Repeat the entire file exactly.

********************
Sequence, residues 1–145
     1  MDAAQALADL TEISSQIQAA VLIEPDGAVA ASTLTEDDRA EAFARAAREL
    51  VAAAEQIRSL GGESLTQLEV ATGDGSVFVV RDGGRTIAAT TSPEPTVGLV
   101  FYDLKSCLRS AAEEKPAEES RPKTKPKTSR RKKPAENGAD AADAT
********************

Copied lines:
Sequence, residues 1–145
     1  MDAAQALADL TEISSQIQAA VLIEPDGAVA ASTLTEDDRA EAFARAAREL
    51  VAAAEQIRSL GGESLTQLEV ATGDGSVFVV RDGGRTIAAT TSPEPTVGLV
   101  FYDLKSCLRS AAEEKPAEES RPKTKPKTSR RKKPAENGAD AADAT